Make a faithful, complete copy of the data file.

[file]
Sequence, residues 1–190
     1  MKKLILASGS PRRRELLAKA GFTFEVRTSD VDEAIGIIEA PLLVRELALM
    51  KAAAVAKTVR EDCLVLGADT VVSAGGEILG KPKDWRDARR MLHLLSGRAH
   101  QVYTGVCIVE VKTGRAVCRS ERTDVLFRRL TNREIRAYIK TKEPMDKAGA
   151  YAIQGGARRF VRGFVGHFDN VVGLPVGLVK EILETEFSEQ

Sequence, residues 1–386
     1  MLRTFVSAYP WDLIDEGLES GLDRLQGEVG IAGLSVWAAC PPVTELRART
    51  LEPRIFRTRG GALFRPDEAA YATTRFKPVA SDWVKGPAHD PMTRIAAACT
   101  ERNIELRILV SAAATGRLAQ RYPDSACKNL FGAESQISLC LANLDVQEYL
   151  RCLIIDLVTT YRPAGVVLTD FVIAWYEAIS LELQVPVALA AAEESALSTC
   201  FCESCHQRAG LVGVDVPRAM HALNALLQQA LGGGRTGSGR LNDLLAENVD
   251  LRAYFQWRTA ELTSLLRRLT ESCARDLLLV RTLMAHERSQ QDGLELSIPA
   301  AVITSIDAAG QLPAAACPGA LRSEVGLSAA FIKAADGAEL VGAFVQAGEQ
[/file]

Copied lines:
Sequence, residues 1–190
     1  MKKLILASGS PRRRELLAKA GFTFEVRTSD VDEAIGIIEA PLLVRELALM
    51  KAAAVAKTVR EDCLVLGADT VVSAGGEILG KPKDWRDARR MLHLLSGRAH
   101  QVYTGVCIVE VKTGRAVCRS ERTDVLFRRL TNREIRAYIK TKEPMDKAGA
   151  YAIQGGARRF VRGFVGHFDN VVGLPVGLVK EILETEFSEQ

Sequence, residues 1–386
     1  MLRTFVSAYP WDLIDEGLES GLDRLQGEVG IAGLSVWAAC PPVTELRART
    51  LEPRIFRTRG GALFRPDEAA YATTRFKPVA SDWVKGPAHD PMTRIAAACT
   101  ERNIELRILV SAAATGRLAQ RYPDSACKNL FGAESQISLC LANLDVQEYL
   151  RCLIIDLVTT YRPAGVVLTD FVIAWYEAIS LELQVPVALA AAEESALSTC
   201  FCESCHQRAG LVGVDVPRAM HALNALLQQA LGGGRTGSGR LNDLLAENVD
   251  LRAYFQWRTA ELTSLLRRLT ESCARDLLLV RTLMAHERSQ QDGLELSIPA
   301  AVITSIDAAG QLPAAACPGA LRSEVGLSAA FIKAADGAEL VGAFVQAGEQ